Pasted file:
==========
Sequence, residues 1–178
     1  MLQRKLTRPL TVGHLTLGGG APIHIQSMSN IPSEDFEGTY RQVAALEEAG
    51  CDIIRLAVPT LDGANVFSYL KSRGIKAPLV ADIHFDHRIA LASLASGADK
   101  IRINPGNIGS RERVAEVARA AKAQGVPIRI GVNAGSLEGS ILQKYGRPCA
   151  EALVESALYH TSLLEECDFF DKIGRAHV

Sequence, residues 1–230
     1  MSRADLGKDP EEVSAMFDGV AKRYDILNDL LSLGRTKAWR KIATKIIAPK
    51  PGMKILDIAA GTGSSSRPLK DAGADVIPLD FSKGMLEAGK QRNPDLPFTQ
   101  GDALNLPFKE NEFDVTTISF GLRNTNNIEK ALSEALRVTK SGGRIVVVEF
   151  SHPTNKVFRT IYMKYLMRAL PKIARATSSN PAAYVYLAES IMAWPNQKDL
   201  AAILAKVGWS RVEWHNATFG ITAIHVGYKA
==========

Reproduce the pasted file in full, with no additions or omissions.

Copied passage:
Sequence, residues 1–178
     1  MLQRKLTRPL TVGHLTLGGG APIHIQSMSN IPSEDFEGTY RQVAALEEAG
    51  CDIIRLAVPT LDGANVFSYL KSRGIKAPLV ADIHFDHRIA LASLASGADK
   101  IRINPGNIGS RERVAEVARA AKAQGVPIRI GVNAGSLEGS ILQKYGRPCA
   151  EALVESALYH TSLLEECDFF DKIGRAHV

Sequence, residues 1–230
     1  MSRADLGKDP EEVSAMFDGV AKRYDILNDL LSLGRTKAWR KIATKIIAPK
    51  PGMKILDIAA GTGSSSRPLK DAGADVIPLD FSKGMLEAGK QRNPDLPFTQ
   101  GDALNLPFKE NEFDVTTISF GLRNTNNIEK ALSEALRVTK SGGRIVVVEF
   151  SHPTNKVFRT IYMKYLMRAL PKIARATSSN PAAYVYLAES IMAWPNQKDL
   201  AAILAKVGWS RVEWHNATFG ITAIHVGYKA